After only a few months working as the strategic marketing and public relations consultant for Delta Personnel, a 49-year-old staffing solutions agency in Metairie, I saw firsthand how the hard work of local talent in areas pertinent to the tourism and hospitality industry continues to create economic opportunities for New Orleans.

In 2016, a third of Delta Personnel’s billable hours went toward filling positions in the hospitality and tourism industry, while the firm continues to see an increase in the need to fill management-level and administrative positions.

No one tells the city’s story better than workforce development professionals. Within the confines of HR departments and staffing agencies is where recruiters are attracting, training and retaining talent that allows the $7 billion tourism industry to prosper. Cities like New Orleans prove that workers with creative and traditional skills can still provide talent that is essential to business growth.

But New Orleans is also making its mark on the professional services and tech start-up community. In 2017, Smartassett named New Orleans the No. 1 growth in tech city and No. 5 for women in tech.

In 2015, according to The Data Center, New Orleans led the U.S. with 64 percent higher than average startups-per-capita. And based on New Orleans’ May Economic Summary from the U.S. Bureau of Labor Statistics, the city has seen a year-to-year increase in education and healthcare employment.

The tourism and hospitality industry continues to be a major economic driver in New Orleans, but future growth will lie in specialized research and technology — major driving forces for cities ranking at the top of the economic prosperity chart.

New Orleans has a long way to go, but the road to get there should be paved by sustainable industries that take advantage of skills honed within the region. Retaining oil and gas as a major economic force is critical, but the infusion of resources into our educational institutions, startup companies and the attraction of corporate headquarters will help revitalize the local economy.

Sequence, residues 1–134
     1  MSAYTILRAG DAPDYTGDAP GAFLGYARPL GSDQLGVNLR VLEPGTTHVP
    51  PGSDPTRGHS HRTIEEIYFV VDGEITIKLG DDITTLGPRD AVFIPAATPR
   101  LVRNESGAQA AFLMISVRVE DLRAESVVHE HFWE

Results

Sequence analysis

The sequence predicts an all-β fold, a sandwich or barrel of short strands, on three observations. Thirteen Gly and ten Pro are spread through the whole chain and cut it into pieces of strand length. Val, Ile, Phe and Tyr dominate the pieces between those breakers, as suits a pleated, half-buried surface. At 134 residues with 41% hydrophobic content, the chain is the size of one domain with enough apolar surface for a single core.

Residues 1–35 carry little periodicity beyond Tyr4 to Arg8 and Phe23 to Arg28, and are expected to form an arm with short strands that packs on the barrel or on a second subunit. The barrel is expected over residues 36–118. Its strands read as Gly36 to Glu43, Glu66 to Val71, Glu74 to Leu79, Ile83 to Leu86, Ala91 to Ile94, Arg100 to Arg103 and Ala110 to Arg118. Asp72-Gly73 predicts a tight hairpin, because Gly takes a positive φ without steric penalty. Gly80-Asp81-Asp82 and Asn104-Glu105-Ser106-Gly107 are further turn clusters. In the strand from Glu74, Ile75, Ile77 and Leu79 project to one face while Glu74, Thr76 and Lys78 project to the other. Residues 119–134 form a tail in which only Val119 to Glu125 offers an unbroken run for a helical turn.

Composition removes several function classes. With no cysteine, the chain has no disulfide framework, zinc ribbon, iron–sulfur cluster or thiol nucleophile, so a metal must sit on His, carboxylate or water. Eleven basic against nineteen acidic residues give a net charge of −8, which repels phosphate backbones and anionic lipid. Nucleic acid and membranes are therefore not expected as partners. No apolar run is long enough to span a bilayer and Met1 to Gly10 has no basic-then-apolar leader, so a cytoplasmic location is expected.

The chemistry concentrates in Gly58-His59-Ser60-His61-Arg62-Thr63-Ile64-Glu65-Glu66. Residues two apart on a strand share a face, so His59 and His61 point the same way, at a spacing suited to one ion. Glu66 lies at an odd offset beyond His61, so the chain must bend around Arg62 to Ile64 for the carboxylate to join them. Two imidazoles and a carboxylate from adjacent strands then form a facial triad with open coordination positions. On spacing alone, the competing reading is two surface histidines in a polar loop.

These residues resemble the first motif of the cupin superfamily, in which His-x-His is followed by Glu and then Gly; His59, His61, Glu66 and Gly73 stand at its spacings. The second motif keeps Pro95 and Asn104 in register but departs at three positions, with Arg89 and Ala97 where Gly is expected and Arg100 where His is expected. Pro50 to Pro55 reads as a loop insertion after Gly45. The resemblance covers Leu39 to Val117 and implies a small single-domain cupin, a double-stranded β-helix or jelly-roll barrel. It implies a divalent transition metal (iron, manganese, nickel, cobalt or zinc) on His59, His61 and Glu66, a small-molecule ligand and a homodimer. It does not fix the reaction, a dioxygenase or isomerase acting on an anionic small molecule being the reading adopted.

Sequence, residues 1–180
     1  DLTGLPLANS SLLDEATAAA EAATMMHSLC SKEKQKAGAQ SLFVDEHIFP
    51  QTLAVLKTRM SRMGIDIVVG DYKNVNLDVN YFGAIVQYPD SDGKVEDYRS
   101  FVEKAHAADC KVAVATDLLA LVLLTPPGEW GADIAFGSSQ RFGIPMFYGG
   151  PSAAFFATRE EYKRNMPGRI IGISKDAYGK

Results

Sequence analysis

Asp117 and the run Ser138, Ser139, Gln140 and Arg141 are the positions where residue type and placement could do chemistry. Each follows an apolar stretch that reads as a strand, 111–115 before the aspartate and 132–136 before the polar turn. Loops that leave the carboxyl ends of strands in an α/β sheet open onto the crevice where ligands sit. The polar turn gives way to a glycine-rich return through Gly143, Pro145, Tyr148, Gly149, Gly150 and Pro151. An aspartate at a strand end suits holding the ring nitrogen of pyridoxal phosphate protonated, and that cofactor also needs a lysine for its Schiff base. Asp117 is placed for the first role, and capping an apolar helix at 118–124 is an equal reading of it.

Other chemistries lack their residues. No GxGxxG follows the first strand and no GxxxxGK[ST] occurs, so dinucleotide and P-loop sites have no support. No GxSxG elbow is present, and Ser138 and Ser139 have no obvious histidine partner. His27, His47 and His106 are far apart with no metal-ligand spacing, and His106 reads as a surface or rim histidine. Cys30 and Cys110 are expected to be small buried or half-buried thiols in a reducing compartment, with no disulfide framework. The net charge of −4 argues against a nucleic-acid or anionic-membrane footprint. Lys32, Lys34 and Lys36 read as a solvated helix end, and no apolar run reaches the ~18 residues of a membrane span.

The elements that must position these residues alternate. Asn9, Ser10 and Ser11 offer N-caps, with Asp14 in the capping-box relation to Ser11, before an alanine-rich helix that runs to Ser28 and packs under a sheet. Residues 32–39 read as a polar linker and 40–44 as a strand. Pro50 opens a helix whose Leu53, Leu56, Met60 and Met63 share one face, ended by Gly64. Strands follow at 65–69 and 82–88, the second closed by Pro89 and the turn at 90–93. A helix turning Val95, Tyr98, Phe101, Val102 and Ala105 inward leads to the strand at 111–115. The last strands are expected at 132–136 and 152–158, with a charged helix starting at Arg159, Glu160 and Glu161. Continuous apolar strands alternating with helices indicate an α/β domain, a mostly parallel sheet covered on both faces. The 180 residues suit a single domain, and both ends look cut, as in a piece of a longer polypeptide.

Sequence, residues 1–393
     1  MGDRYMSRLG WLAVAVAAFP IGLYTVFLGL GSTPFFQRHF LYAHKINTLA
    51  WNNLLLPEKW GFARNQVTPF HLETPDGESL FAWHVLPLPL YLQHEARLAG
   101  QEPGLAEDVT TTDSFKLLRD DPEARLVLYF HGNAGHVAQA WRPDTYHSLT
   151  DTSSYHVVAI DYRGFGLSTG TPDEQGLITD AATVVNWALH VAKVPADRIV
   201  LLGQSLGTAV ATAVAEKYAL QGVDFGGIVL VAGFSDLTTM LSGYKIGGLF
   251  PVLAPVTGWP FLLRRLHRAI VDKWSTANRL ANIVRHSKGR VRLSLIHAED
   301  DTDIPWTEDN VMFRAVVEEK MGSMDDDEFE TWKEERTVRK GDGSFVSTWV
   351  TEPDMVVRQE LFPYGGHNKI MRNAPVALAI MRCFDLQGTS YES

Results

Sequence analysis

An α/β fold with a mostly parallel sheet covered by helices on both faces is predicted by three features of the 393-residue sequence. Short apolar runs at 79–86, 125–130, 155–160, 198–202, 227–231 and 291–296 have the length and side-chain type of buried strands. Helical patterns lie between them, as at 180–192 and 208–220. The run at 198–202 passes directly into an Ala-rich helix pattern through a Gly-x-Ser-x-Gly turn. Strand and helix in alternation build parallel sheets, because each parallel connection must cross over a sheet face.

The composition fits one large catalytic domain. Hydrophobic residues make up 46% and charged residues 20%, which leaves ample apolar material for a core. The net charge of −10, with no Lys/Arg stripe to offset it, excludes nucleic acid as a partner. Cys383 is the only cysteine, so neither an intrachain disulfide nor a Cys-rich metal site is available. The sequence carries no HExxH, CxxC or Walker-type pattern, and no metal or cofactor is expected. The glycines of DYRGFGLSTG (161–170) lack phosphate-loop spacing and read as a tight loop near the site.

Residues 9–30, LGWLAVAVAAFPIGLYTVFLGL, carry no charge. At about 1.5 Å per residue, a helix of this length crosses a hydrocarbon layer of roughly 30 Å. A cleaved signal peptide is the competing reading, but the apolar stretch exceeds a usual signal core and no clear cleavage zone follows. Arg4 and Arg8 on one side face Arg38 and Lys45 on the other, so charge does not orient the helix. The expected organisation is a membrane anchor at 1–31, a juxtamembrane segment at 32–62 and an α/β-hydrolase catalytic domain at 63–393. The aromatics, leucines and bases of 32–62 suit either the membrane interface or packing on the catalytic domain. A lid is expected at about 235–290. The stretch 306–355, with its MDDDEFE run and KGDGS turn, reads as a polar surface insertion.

Good cities are built around good people. New Orleans is filled with hardworking citizens who are as dedicated to building a strong workforce as any in major cities across the U.S. Limiting how we characterize a city’s progress solely to crime rates and per household incomes suffocates the real potential an area has to offer. This city’s sweet spot is its culture and vibrancy — two things that cannot be duplicated or emulated by anyone.

How we see our city will impact how the world sees us. From my view, the city’s growth looks promising — as promising as watching the cybersecurity industry spur high-paying jobs in Baltimore or the healthcare industry cultivate innovative jobs in Pittsburgh. New Orleans has an opportunity to build on the growth of the tourism and hospitality industry, to nurture a healthcare ecosystem and to be a major player in new technology development — a key job creator in the innovation economy.

The steps we take must be intentional and strategic, maintaining our unique culture while preparing workers for the future workforce is a goal worth fighting for.

Michelle Jackson is the owner of PR Solutions, LLC of Louisiana, a strategic marketing and corporate event planning consulting firm; founder of the i.Invest National Youth Entrepreneur Business Competition and executive director of LifeSkills Foundation, a 501 c3 organization dedicated to advocating for youth entrepreneurship.